576 Exterior Concrete Siding Material Flat Roofline House Design Photos And Ideas

These steps lead to the rooftop garden. They run alongside the master bathroom, which features a glazed corner detail inspired by Carlo Scarpa's Canova Museum.
A timber boardwalk through the veld grass leads to a 15-meter, reed-filtration lap pool.
The planted grass roofs are a recreation of the landscape that existed before the home was built. They are dynamic landscapes that change with the seasons.
"Wendy and Lukas were looking for a natural, sporty lifestyle and a sustainably designed home," says Daffonchio. "It is always rewarding to see the owners living the lifestyle they had dreamed, and seeing their joy in living the home and its incredible surroundings."
Off-shutter concrete is created by removing the shuttering—normally wooden planks used as a temporary structure to contain setting concrete. "Casting the perfect texture of old wooden planks on the concrete, while getting all the services placed correctly inside the shuttering, was an Herculean task," says Daffonchio.
The material palette is almost exclusively "off-shutter" concrete, both inside and outside. The main metal elements are crafted from raw steel.
Monaghan Farm is a 1,300-acre eco-estate about an hour north of the center of Johannesburg. The architectural and environmental guidelines for the estate outline that only 3% of the land will ever be built on.
The 2,022-square-foot home has three bedrooms and three baths. The exterior facade was kept as is in the remodel.
Six slabs were placed in a row on top of prefab concrete walls (inset). The architects chose the components in part for their length, which could span the width of the house, eliminating the need for columns.
Landscape designer Kenneth Philip worked with mwworks to fill in the forested setting.
The home features a flat roofline, and it’s composed of stained red cedar, concrete, and basalt—materials that weather well and blend seamlessly with the land.
The modernist architect André Wogenscky worked with Le Corbusier for many years before launching his own architectural studio in 1956. The Villa Chupin represents one of his most rounded residential projects, lifted by the fluid, open, and playful nature of its main living space. The house sits within a garden of tall pine trees that tower over the two-level building. Five bedrooms are locate at the upper level, but the linear plan is eroded at the ground level, where the space becomes dynamic. Here, an open-plan living room is protected by an angled wall of glass to the front and curving walls that encircle the rest of the space.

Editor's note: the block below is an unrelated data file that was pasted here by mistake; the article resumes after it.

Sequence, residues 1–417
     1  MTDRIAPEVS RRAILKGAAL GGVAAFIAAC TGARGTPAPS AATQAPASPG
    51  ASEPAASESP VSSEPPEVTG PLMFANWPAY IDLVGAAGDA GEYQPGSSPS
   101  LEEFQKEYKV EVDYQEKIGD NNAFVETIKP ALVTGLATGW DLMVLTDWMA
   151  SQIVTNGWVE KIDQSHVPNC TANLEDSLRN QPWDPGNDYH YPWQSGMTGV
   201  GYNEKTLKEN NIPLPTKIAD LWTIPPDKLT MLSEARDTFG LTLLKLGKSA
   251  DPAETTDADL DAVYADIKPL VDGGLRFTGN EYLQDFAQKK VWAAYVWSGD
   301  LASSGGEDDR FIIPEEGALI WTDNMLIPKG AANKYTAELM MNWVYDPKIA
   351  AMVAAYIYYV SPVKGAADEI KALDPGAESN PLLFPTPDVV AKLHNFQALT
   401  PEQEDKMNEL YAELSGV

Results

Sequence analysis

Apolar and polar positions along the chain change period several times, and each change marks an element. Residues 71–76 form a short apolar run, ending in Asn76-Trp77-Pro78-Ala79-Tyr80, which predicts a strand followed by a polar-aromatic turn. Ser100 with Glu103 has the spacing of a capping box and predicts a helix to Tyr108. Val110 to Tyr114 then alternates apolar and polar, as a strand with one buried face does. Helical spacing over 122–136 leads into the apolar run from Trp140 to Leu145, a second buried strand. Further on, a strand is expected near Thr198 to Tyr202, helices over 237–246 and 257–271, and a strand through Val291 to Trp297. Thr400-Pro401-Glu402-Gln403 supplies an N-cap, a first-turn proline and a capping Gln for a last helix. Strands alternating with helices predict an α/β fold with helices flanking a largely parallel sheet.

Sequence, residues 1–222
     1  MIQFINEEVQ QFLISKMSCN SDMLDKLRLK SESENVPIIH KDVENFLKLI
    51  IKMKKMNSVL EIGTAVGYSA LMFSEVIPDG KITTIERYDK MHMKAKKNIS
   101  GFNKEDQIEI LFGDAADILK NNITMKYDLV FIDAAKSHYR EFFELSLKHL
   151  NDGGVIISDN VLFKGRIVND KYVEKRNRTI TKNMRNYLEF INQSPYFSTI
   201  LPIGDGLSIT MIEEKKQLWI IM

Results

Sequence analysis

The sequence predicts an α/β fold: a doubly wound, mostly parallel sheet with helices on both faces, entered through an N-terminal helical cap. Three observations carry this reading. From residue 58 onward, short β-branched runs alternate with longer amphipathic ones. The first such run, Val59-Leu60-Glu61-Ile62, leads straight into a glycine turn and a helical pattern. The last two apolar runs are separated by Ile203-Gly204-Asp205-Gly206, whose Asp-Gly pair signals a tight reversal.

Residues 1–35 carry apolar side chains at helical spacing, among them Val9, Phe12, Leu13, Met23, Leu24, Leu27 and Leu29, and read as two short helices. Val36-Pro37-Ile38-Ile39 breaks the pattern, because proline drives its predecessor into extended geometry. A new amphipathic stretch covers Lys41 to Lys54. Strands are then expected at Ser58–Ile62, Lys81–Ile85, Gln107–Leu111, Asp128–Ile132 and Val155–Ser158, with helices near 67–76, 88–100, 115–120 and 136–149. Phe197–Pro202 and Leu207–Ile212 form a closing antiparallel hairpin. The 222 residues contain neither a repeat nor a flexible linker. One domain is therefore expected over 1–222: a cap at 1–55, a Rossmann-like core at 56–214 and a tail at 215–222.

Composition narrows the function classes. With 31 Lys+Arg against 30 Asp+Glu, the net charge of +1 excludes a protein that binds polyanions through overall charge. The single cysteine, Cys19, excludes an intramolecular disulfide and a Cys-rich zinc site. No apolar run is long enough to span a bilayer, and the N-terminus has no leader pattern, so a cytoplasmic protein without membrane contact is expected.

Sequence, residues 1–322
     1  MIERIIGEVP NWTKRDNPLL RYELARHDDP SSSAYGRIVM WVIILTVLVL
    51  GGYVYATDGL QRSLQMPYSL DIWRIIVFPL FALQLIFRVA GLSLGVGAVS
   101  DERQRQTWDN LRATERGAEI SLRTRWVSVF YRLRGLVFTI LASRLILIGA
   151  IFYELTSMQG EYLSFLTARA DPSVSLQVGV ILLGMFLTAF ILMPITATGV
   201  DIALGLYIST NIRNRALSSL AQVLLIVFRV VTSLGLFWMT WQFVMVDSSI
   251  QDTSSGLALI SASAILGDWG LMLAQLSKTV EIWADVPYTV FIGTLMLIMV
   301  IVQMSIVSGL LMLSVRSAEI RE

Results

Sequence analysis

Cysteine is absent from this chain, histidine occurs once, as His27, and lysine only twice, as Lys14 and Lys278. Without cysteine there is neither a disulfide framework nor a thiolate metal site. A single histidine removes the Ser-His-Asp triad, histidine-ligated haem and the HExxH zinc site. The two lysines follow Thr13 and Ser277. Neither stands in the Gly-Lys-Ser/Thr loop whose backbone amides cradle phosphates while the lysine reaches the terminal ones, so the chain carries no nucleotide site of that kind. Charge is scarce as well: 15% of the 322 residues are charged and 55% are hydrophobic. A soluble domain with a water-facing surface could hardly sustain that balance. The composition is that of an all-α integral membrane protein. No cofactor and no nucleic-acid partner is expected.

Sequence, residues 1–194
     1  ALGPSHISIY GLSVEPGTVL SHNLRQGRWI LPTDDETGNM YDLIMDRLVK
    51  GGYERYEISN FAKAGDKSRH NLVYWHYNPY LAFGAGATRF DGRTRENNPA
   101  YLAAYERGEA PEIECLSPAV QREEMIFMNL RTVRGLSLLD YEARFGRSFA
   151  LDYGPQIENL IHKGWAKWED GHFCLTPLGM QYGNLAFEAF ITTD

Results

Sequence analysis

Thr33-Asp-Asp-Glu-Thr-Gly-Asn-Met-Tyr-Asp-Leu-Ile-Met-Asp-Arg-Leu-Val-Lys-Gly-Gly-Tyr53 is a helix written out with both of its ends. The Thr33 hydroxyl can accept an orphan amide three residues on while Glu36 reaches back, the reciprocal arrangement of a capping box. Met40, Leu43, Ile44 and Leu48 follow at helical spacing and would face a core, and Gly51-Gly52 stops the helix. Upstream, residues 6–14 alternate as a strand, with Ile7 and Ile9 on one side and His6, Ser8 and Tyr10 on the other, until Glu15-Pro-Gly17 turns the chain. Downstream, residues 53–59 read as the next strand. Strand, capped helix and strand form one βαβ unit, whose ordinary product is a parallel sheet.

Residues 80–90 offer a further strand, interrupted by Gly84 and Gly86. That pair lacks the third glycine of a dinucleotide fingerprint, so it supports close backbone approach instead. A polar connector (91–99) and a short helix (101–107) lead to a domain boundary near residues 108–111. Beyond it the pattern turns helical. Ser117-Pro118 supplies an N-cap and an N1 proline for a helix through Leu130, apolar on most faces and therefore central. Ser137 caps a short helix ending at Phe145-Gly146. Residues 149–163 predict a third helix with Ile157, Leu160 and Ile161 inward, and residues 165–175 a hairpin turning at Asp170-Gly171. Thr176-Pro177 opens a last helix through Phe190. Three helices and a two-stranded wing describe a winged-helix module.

As well as a sequence of innovative country houses, Peter Foggo and David Thomas complete a number of residences in Wimbledon. The most accomplished of these was this project, completed in 1963, sitting on a street of traditional and substantial period dwellings, mostly in brick. Foggo & Thomas’ house, in contrast, is both low slung and distinctly modern. Its structural framework is provided by a combination of concrete trusses that span the flat-roofed house, forming a series of spider leg ‘bridges,’ working in concert with a linear and lighter steel frame.
The overhang of House BN provides shelter for the homeowner’s automobile. The contemporary villa’s entrance corridor faces toward the nearby Monte Grappa mountain.
A street view of Troon Modern by Brent Kendle of Kendle Design Collaborative.
Clarissa and Peter live in one of the units and plan to rent the second unit, which is almost a mirror image of the first.
When clients approached Mexico City–based architecture firm Estudio MMX, they had a deceptively simple request: a 1,000-square-meter garden on a 1,000-square-meter plot in a neighborhood called Lomas de Chapultepec, west of Mexico City. The problem, of course, was that in addition to a 1,000-square-meter garden, they also wanted a house. Estudio MMX’s solution was to use large terraces to create a garden in three dimensions that connects with the house at every possible opportunity.
The concrete walls are perforated by large and small windows that frame views of the trees and local forest, as the site doesn't offer expansive views of the surrounding landscape.
The concrete pool structure has been conceived as a separate element to the home and is sunk into the sloped ground.
The entire home opens up toward the north, and the entrance block is set back from the rest of the house.
An outdoor pool is situated among the trees, allowing swimmers to be completely immersed in nature. Like the home, its footprint was determined by the existing trees on the site, and its otherwise geometric form is playfully interrupted by a diversion around a tree trunk.
The home is divided into four different blocks, arranged to avoid impacting on the trees on site.
Poured concrete was the perfect material for such an intensely geometric design.
The entire structure rests on a singe, central support.
The exposed concrete of Casa Arboles is a neutral shade of gray. The architect hopes the material will weather over time to blend in with the landscape.
The pool is lifted up from the forest floor to the level of the home on a single concrete fin.
Pockets of greenery and outdoor space add dimension to a two-family home in downtown Tel Aviv.
In the 1950s, Ramat HaSharon, close to Tel Aviv, was home to numerous brutalist structures. There, architect Pitsou Kedem, craving the same style for his own family house, built it as two squares of concrete stacked atop each other. Materials like iron, wood, and silicate brick, along with a skylight that runs along the length of the stairwell, imbue it with a welcoming sense of earthiness.
Windsor Residence by Dick Clark + Associates
"The placement of the stacked boxes and the space between them has been treated in a sculptural way—always considering the functional needs of habitability and the beauty of the house," explains Estudio Caballero Colón.
Glass walls and large windows create an airy interior that feels connected to the outside.
The home’s entrance at night.
When Wexler and Harrison’s steel homes first hit the market in 1962, they were competitively priced between $13,000 and $17,000. Shown above is Steel House #2.